Titillate Tit"il·late transitive verb & i.
[ imperfect & past participle Titillated
; present participle & verbal noun Titillating
.] [ Latin titillatus
, past participle of titillare
.] To tickle; as, to titillate the nose with a feather.
The pungent grains of titillating dust. Pope.
Titillation Tit`il·la"tion noun
[ Latin titillatio
: confer French titillation
.] 1. The act of tickling, or the state of being tickled; a tickling sensation. A. Tucker. 2. Any pleasurable sensation.
Those titillations that reach no higher than the senses. Glanvill.
Titillative Tit"il·la·tive adjective Tending or serving to titillate, or tickle; tickling.
Titivate, Tittivate Tit"i·vate, Tit"ti·vate transitive verb & i.
[ imperfect & past participle Titivated
; present participle & verbal noun Titivating
.] [ Formed from an uncertain source, in imitation of words in -ate
from Latin ] To dress or smarten up; to spruce.
, Tit`ti*va"tion noun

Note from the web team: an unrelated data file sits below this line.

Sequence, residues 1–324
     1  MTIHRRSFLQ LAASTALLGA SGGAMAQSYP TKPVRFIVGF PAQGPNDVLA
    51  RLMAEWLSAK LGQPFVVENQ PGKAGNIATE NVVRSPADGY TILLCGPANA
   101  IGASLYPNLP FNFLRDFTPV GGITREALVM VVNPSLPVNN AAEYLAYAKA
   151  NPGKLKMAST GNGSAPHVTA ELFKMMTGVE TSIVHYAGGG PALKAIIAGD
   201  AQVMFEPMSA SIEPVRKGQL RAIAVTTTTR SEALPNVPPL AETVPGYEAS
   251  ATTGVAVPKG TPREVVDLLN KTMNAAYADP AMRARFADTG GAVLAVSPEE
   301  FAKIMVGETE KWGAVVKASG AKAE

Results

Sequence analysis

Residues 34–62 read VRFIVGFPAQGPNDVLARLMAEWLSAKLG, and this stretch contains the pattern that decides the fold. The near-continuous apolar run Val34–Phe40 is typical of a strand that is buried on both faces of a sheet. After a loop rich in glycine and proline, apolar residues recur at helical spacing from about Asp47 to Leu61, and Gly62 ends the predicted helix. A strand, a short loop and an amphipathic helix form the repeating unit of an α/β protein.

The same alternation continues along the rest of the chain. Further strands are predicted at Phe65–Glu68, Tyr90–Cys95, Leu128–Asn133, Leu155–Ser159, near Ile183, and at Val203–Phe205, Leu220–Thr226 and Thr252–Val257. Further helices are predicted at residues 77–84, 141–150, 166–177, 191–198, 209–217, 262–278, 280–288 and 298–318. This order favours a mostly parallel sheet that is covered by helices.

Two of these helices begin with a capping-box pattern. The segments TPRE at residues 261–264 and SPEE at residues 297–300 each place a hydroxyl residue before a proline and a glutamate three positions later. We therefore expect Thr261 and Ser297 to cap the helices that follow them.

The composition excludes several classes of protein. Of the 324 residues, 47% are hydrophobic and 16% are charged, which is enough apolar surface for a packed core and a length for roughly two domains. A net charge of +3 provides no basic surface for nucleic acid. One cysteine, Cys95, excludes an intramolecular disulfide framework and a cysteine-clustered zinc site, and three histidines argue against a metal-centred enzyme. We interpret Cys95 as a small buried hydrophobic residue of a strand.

[ Both Humorous]
"Come here, an' let me titivate you." He sat down beside her, and submitted to be dusted. Quiller- Couch.
Titlark Tit"lark` noun [ Tit a small bird + lark .] (Zoology) Any one of numerous small spring birds belonging to Anthus , Corydalla , and allied genera, which resemble the true larks in color and in having a very long hind claw; especially, the European meadow pipit ( Anthus pratensis ).
Title Ti"tle noun
[ Old French title
, French titre
, Latin titulus
an inscription, label, title, sign, token. Confer Tilde
.] 1. An inscription put over or upon anything as a name by which it is known. 2. The inscription in the beginning of a book, usually containing the subject of the work, the author's and publisher's names, the date, etc. 3. (Bookbindng) The panel for the name, between the bands of the back of a book. 4. A section or division of a subject, as of a law, a book, specif. (Roman & Canon Laws) , a chapter or division of a law book. 5. An appellation of dignity, distinction, or preëminence (hereditary or acquired), given to persons, as duke marquis, honorable, esquire, etc.